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July 24, 2013

The tendency is to wait, now that peace talks have been announced. This is dangerous. We need not to wait, but to wake! In this hiatus, we must ask ourselves, What is to be done, Now?

 We already hear around us the voices of skepticism and cynicism. I can live with skepticism. Skeptics question, while leaving open what could be possible. But cynicism? It is the defense against not having been a sucker, a “friar,” we call it in Hebrew. As a cynic you believe that you look smart, savy, not naïve. You know a thing or two, and no one can fool you. And if, ultimately, peace is achieved, you can later claim to be delighted to have been proven wrong. If we fail to bring peace, then you were right all along. And how important, here in the macho middle-east, how crucial to be “right.” Being right and 12 shekels will get you a cup of coffee.

 No, for those of us who know that work lies before us, the question is “How do we reach out to Israelis so that they will support the enormous effort that birthing the two-state solution will require? How to engage? How to penetrate?

The self-righteous patronizing of an “education campaign” has never worked, has only deepened the suspicion and anger of people toward the Left. We on the left always seem to be competing in a search for the best possible analysis of the situation. As though left-brain has the answer. But someone once said, “Half-assed is half-assed, no matter which cheek you’re left with.” Why not ask a different question, such as….How can we approach people from the place of the wounded child in us and connect to the wounded child in them? Can we learn that quiet, gentle language? Among ourselves? With others?

 When 400,000 Israelis marched, in the summer of 2011, to protest the unbearable economic reality of life in Israel, what was expressed was a longing for a better life, a life of not “finishing the month,” but beyond, to a life of joy, with leisure time, with ease, with less struggle. It was a protest against “them” for the sake of “me.” And it then became an awakening to the fact that private hardship is collective. What was not there, in the protest, was an awareness of the link between personal and collective economic hardship and the cost of occupying millions of Palestinians and reconciling ourselves to an endless state of war. This link must be made clear, as we approach folks, so that the frustration about daily life comes to include the unworkability of ongoing occupation.

Without patronizing, how can we clarify and demonstrate the cost, economic and human, of this linkage? Can we get people to respond to the fact that taxpayers are funding security for settlers in East Jerusalem to the tune of 73,000,000 NIS per year? Can we get people to consider the ongoing harm done to our own occupiers’ souls, as our soldiers arrest a five year old boy in Hebron for throwing stones? The sticky phrase here is “…get people to…” What needs examining is how we reach out without handling or maniplating them?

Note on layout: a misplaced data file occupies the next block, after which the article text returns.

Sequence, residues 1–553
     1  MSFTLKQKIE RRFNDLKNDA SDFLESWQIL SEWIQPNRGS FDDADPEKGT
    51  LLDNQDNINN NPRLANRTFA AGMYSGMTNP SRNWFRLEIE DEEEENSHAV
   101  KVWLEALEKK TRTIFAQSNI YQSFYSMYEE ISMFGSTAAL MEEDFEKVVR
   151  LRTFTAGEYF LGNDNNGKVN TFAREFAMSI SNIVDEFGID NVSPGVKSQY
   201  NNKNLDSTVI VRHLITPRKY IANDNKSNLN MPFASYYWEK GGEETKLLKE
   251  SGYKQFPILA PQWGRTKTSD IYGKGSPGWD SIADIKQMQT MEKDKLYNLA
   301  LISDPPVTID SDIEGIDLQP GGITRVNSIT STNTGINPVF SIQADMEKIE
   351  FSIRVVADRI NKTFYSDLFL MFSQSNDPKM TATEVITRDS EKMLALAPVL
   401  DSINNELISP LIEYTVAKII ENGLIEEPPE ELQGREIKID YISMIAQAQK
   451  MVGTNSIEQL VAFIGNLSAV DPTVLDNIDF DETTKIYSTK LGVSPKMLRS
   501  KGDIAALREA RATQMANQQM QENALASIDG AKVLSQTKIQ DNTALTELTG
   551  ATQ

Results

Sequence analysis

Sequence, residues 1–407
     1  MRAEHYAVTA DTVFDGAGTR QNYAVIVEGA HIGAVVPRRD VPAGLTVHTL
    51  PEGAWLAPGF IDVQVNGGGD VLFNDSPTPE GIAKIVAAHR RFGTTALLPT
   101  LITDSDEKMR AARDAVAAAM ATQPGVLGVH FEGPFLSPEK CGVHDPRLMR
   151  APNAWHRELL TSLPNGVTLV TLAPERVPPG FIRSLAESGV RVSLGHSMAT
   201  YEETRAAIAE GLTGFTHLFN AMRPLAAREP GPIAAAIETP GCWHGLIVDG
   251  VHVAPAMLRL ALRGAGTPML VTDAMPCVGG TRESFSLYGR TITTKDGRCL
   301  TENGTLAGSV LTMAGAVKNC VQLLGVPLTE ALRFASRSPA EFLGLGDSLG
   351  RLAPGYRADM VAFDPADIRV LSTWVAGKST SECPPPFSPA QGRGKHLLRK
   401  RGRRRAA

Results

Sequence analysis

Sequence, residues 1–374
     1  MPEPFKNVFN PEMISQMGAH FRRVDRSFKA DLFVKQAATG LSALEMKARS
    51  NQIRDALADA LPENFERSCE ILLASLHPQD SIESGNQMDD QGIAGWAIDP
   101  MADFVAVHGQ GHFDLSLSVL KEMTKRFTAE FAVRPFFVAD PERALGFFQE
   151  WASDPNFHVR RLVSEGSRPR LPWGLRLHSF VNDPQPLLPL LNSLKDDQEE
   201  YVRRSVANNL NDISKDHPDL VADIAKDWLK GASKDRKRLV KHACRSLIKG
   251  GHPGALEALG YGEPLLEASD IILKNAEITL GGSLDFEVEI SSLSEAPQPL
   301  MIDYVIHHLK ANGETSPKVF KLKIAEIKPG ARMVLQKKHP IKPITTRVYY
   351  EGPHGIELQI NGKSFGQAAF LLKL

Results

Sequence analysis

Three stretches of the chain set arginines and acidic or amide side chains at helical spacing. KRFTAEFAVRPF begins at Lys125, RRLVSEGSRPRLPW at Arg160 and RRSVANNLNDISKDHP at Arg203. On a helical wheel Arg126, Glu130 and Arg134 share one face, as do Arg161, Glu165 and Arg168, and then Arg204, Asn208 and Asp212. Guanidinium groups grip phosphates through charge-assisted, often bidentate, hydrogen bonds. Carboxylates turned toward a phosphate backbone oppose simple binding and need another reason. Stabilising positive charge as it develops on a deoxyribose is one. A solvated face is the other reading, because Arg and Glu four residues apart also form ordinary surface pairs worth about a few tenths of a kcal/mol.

My mother said that her initial impetus for joining the Young Communists, as an 18 year old girl, was that “they were the most attractive people around.” Mom was a thinking woman, and I doubt she meant that they were hunks. There was something happening there that made her want to hang out with them, and her ideology crystallized later. In Israel, we leftists face an opposite phenomenon. People hate us, and it’s not primarily because they disagree with our positions. You disagree in a reasoned discussion. You hate when the other has offended you. Today’s paper reports a survey showing that 55% are currently leaning toward supporting whatever agreement Netanyahu will bring. Yet in this volatile place, that number could change twenty times before anything gets signed. No, we are not off the hook.  We need to figure out what to do and how to do it, so that 70% will support the agreement, and 30% will have to live with it.

I don’t have a blueprint. What I know is that we on the left currently lack both the will and the skill to mount a serious public opinion campaign. My vision is that we will self-organize into training cadre, grappling with our message and no less with the medium. We are the medium, and we must make it safe, inviting, attractive, for people to be willing to support the coming agreement. This will require preparatory work and a bit of soul-searching, on our part. And then we will need to get out to the streets, supermarkets, bus stations and engage with folks. Such an approach might bear both short-term and long-term fruits. I can’t see another, a more promising path.

 So here we are, on Heartbreak Hill, just down the road from a new possibility, just needing a last push to get us to the future that Rabin brought closer and that we lost with his death. When we get to the negotiations’ finish line, will some crazed guy blow us up again or will we get to begin living our way into the age of peace? While peace will bring the assurance that we can all live decently, it will not be “peace and quiet.” The age of peace will be turbulent and exciting and challenging and full of conflicts. But we will confront those conflicts without fear, because they will be waged within limits that make us safe enough to be passionate about our interests. Only an increasingly isolated gaggle of desperate people will still be out for blood – those who fear freedom more than they fear death. Most of us will be busy living – working and learning and playing and resting and making love.


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